At the hearing, DiAngelo asked plaintiff, "now what's the problem with your assistance [sic] here? It says that your witnesses are gonna testify." Hearing Transcript ("Tr.") (Dkt. #31 Ex. M) at 3. Plaintiff responded that he was "gonna have [his assistants] get witness statements from them." Tr. at 4. DiAngelo then stated that "we'll see if they'll submit them." Id. He added, "so other than these statements, there's nothing else that ... you need, correct?," to which plaintiff responded, "Not that I can think of right now." Tr. at 5. DiAngelo then stated that "we'll see if those inmates want to submit statements and then ... we'll have to reconvene at a later date and time." Id.

The hearing was then adjourned, and recommenced on January 10, 2006. The two inmate witnesses requested by plaintiff testified outside plaintiff's presence. Tr. at 6-7. DiAngelo states in a declaration that this was done for security reasons because plaintiff was in SHU at the time. Dkt. #31 ¶ 11.

Plaintiff was then returned to the hearing room, where DiAngelo played the tape of the witnesses' testimony for him. After the tape was played, plaintiff stated that he "want[ed] to object" concerning DiAngelo's "interviewing the witnesses ... ." Tr. at 8. DiAngelo responded, "I didn't interview them, I just got testimony from," when plaintiff interrupted him, stating, "Yeah, but that's the ... assistant's job to go interview them to get testimony ... ." Id. DiAngelo then asked rhetorically, "Well how am I going to hear the testimony if I don't get it?," and nothing further was said about the matter. Id.

Viewing the record in the light most favorable to plaintiff, these facts do not support a § 1983 claim. In general, "[w]hen a prisoner is in SHU, an employee assistant should ... interview witnesses" identified by the inmate. Shephard v. Coughlin, No. 91 CIV. 8725(MBM), 1993 WL 77385, at *5 (S.D.N.Y. Mar.16, 1993); accord LeBron v. Artus, No. 06-CV-0532, 2008 WL 111194, at *9 (W.D.N.Y. Jan. 9, 2008).

Most of the reported cases finding a due process violation based on a failure to interview witnesses requested by an inmate involve a complete failure to contact the potential witnesses, with the result that they were never called to testify. See, e.g., Johnson v. Greiner, No. 03 Civ. 5276, 2007 WL 2844905, at *14-*15 (S.D.N.Y. Sept. 28, 2007) (denying summary judgment for defendants where "the record was devoid of any evidence demonstrating that Mack attempted to interview witnesses or gather any of the requested evidence" sought by plaintiff); Ciaprazi v. Goord, No. Civ.9:02CV00915, 2005 WL 3531464, at *12 (N.D.N.Y. Dec. 22, 2005) (if true, plaintiff's allegation "that he identified certain witnesses critical to his defense, but that his assistant refused to interview those witnesses with an eye toward requesting their testimony during the hearing ... could establish a due process violation"); see also Holmes v. Grant, No. 03 Civ. 3426, 2006 WL 851753, at *10 (S.D.N.Y. Mar. 31, 2006) (if true, plaintiff's allegation that "not only did his assistant not interview witnesses, [but] that his assistant actively pressured and threatened witnesses not to testify [and they did not testify], certainly falls short of the required level of employee assistance and, as such, implies that plaintiff was denied due process").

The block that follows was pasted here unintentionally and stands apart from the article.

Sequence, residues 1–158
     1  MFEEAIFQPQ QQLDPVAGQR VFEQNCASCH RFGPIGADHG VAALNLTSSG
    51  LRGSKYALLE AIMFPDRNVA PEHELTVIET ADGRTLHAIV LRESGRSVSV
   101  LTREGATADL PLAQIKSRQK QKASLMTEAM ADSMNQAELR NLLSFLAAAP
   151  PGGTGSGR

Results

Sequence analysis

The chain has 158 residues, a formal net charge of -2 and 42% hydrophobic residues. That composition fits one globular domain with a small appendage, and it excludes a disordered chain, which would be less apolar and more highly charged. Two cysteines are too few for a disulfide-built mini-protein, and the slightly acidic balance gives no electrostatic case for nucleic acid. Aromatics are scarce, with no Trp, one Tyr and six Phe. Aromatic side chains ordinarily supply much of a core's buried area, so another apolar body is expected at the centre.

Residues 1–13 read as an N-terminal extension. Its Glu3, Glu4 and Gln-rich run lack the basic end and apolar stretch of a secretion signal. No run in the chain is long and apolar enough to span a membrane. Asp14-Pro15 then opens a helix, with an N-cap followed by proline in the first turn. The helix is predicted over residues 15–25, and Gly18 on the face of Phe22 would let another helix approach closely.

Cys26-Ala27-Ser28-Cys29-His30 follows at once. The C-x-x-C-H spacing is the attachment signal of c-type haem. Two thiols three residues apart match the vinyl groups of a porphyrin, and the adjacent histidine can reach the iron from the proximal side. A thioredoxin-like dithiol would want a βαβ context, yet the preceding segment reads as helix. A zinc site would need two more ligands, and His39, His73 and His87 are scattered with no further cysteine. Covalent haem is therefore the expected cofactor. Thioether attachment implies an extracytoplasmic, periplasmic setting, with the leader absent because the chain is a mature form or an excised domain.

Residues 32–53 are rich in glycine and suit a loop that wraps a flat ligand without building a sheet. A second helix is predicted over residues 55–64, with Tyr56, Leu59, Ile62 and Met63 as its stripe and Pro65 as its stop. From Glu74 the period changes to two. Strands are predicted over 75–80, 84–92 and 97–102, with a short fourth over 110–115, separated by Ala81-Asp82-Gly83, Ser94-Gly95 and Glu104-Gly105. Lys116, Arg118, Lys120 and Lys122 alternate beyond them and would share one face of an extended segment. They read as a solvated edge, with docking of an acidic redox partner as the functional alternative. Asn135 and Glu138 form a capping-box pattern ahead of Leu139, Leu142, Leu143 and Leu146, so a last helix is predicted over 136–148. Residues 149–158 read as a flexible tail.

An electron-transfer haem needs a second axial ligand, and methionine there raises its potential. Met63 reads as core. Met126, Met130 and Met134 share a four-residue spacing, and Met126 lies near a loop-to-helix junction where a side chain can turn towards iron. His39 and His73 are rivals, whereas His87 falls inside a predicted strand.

In part, that probably reflects the principle that, "[t]o establish a procedural due process claim in connection with a prison disciplinary hearing, an inmate must show that he was prejudiced by the alleged procedural errors, in the sense that the errors affected the outcome of the hearing." Clark v. Dannheim, ___ F.Supp.2d ___, 2008 WL 5111056, at *3 (W.D.N.Y. Dec. 2, 2008) (citing Powell v. Coughlin, 953 F.2d 744, 750 (2d Cir. 1991)); see, e.g., Pilgrim v. Luther, No. 01 Civ. 8995, 2007 WL 233203, at *5 (S.D.N.Y. Jan. 24, 2007) ("the alleged failure by Vaughn to perform his duties as an assistant [by interviewing witnesses] amounts to harmless error"); Gates v. Selsky, No. 02-CV-496, 2005 WL 2136914, at *7 (W.D.N.Y. Sept. 2, 2005) (applying harmless-error analysis to inadequate-assistance claim); Louis v. Ricks, No. 01 CIV. 9368, 2002 WL 31051633, at *15 (S.D.N.Y. September 13, 2002) (same).

In the case at bar, the two inmate witnesses requested by plaintiff were called, and did testify. Even if it would have been preferable to have obtained statements from them for plaintiff's review prior to the hearing, plaintiff has not shown or explained how the hearing would likely have had a different outcome if that had been done. Cf. Johnson, 2007 WL 2844905, at *15 (even applying harmless-error analysis, summary judgment for defendants was not appropriate, based on evidence that, due to failure to provide inmate with assistance, he was not made aware of evidence against him until his disciplinary hearing, by which time his assigned assistant had ceased "assisting" him, and inmate thus "had to fend for himself during the hearing in attempting to understand the nature of the charges against him and determining which witnesses to call," all of which could have affected the outcome of the hearing).

B. Failure to Hold a Timely Hearing

Plaintiff also asserts a claim against DiAngelo, based on DiAngelo's alleged failure to comply with DOCS regulations concerning the time within which a Tier III hearing must be held. The regulation in question provides that "[w]here an inmate is confined pending a disciplinary hearing or superintendent's hearing, the hearing must be commenced as soon as is reasonably practicable following the inmate's initial confinement pending said disciplinary hearing or superintendent's hearing, but, in no event may it be commenced beyond seven days of said confinement without authorization of the commissioner or his designee." 7 N.Y.C.R.R. § 251-5.1(a).